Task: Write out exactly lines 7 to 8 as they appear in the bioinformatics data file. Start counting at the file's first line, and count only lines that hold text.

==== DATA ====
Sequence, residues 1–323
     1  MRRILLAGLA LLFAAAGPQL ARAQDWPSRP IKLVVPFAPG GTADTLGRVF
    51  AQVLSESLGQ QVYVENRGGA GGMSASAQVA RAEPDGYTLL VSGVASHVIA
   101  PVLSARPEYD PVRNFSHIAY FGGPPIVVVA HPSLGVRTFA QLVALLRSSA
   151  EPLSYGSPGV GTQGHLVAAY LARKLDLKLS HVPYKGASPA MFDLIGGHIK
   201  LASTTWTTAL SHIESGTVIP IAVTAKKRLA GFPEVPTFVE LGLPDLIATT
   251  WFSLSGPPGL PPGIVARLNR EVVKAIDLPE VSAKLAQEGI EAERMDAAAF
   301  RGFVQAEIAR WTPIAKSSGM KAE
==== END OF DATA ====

   251  WFSLSGPPGL PPGIVARLNR EVVKAIDLPE VSAKLAQEGI EAERMDAAAF
   301  RGFVQAEIAR WTPIAKSSGM KAE